Whose culture is it anyhow? By William Bowles

26 March 2004

Despite a background and involvement in the arts for most of my life, I rarely, if ever write about such things here on I’n’I (although for another side of me, check out the now defunct MusicSA). Well that’s about to change not only because the arts and especially music, are a part of my life but because as the American empire extends its reach, it gobbles up everything in its path (what I call gobbleisation), transforms it into a pale reflection of its origins, spews it out, dumps it and moves on, picking its way through the cultures of our planet like some automaton searching through our lives and leaving behind a vast garbage heap.

Why is this relevant to the events that engulf us? What is now called the creative industries is an intrinsic part of the ‘branding’ of imperialism, not only as part of the propaganda campaign to win our ‘hearts and minds’ but because the corporatisation of culture has taken over virtually every aspect of our collective identities and in doing so, has alienated us from that which is rightfully ours. And as this insidious process creeps across the planet under so-called globalisation, we in the developed world find that we hold much in common with those in the poor world, who in spite of (or maybe because of) the daily struggle to survive, are very much aware of the impact of this ‘new’ imperialism on their cultures. And because of the nature of the revolution in production that now delivers the very stuff of life into corporate hands, its impact on the planet is now so far-reaching that it threatens our very future.

This process has been exposed by the barbaric process of the ‘neo-liberal’ economic agenda that author David Harvey, sums up in part, as follows:

“Biopiracy is rampant and the pillaging of the world’s stockpile of genetic resources is well under way to the benefit of a few large pharmaceutical companies. The escalating depletion of the global environmental commons…and proliferating habitat degradation…have likewise resulted from the wholesale commodification of nature in all its forms. The commodification of cultural forms, histories, and intellectual creativity entails wholesale dispossessions…that has swept the world, indicat[ing] a new wave of ‘enclosing the commons’. – “The New Imperialism”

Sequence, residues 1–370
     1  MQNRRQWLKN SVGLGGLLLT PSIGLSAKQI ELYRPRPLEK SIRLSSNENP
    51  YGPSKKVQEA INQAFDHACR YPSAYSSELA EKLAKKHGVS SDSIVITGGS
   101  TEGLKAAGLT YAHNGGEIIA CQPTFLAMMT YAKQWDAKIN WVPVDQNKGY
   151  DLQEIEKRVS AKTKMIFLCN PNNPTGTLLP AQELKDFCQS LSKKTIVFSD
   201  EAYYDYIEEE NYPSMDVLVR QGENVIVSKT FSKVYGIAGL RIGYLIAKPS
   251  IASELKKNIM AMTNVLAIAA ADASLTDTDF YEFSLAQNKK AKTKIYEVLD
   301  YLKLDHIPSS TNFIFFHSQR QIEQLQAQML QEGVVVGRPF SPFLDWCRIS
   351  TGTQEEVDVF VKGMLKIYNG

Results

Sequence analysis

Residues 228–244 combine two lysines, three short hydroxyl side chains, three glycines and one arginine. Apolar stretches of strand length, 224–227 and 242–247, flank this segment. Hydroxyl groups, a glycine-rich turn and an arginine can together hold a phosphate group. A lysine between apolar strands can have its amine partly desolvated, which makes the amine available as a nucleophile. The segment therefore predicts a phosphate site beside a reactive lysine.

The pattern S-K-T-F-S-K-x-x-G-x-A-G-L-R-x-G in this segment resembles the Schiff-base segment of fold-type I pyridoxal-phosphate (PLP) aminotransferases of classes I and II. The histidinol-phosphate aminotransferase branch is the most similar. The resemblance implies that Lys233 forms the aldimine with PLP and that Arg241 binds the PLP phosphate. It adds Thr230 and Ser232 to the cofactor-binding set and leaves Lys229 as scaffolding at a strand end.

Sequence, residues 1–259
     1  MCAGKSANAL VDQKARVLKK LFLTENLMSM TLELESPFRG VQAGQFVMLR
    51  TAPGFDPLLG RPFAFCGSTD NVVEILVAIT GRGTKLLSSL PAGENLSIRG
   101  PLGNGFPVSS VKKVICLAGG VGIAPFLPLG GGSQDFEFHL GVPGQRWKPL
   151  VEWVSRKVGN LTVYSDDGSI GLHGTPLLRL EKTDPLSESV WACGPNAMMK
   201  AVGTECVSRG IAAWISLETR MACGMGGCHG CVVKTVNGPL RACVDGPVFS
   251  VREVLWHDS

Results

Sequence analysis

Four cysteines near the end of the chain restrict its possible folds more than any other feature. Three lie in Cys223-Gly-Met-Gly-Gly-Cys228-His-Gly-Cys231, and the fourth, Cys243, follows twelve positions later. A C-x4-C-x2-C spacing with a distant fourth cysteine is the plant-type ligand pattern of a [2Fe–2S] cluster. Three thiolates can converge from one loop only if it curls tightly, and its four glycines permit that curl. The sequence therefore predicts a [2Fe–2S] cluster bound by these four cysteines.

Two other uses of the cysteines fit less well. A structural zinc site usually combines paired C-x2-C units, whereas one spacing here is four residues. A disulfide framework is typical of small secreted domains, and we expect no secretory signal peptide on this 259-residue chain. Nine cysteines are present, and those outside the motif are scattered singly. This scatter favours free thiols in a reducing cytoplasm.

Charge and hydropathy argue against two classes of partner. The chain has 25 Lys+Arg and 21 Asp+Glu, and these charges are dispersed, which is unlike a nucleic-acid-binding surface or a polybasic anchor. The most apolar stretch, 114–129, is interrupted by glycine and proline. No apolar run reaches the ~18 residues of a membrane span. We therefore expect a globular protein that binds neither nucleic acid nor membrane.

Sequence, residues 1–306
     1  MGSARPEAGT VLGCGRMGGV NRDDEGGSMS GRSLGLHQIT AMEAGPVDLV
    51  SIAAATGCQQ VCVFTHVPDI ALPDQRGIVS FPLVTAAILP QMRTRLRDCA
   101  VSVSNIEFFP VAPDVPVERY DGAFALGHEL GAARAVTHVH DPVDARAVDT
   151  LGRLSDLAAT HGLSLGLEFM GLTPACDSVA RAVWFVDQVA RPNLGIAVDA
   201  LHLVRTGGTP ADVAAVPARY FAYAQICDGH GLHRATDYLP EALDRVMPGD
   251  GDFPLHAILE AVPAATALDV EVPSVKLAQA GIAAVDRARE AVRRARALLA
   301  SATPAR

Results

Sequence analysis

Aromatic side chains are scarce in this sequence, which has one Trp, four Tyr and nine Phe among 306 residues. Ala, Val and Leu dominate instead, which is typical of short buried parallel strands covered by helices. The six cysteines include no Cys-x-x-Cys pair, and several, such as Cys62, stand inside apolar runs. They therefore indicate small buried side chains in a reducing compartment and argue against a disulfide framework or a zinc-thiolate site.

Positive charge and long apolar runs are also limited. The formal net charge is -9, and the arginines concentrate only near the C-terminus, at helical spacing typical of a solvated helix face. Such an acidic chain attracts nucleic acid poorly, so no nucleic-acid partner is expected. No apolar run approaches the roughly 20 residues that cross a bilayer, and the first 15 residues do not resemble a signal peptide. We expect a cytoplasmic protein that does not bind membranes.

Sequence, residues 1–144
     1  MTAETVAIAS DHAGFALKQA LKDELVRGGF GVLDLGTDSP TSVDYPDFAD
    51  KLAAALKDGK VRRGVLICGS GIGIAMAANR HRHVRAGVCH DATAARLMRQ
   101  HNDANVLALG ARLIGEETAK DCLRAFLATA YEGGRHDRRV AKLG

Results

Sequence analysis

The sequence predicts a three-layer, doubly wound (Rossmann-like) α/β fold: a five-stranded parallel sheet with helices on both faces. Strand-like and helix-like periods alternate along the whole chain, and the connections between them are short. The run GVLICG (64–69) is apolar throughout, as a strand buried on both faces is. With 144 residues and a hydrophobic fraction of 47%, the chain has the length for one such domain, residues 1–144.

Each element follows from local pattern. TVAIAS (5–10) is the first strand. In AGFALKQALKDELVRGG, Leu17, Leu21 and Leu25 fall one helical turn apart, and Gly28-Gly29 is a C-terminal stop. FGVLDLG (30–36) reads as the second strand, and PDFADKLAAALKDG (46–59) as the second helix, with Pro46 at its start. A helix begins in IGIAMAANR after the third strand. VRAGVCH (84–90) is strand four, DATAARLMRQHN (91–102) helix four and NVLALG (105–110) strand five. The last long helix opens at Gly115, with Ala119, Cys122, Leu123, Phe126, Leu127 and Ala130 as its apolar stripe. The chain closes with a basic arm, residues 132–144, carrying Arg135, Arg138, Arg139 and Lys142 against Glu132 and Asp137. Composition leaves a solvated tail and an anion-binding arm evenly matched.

Culture, in a very real sense cuts to the core of our identities, as people, as our history and as our inspiration. It is the terrain within which we experience the effects of capitalism and its capitalism’s cultural dispossession that is having such a profound impact on all of us, whether of the rich or poor worlds.

And its effects are far-reaching, from an innate and unarticulated dissatisfaction with a consumerist culture, through to a search for a lost past (that seems to be an obsession in the UK as the place gets blanketed with freeways and cathedrals to shopping).

Whether it’s sport, music, fashion, fine art, writing, even education is not spared the process of corporatisation. And of course it’s intimately connected to the neo-liberal/neo-con agenda that seeks to destroy all that is collective in spirit, all that unites us as human beings.

Nuyorican soul
Many years ago in another life, I lived in NYC. One of my companéros in NYC was Nestor Otero, Vietnam vet and an extremely talented visual artist. We collaborated on a number of projects together including an oral history project on the infamous forced migrations of Puerto Ricans to the US that took place in the 1940s. In the mid-late 80s Nestor had his first one-man show in Old San Juan, Puerto Rico and Nestor asked me to write an essay for the catalog to which I responded, ‘Why me?’ ‘Write it then we’ll talk about why’ he responded.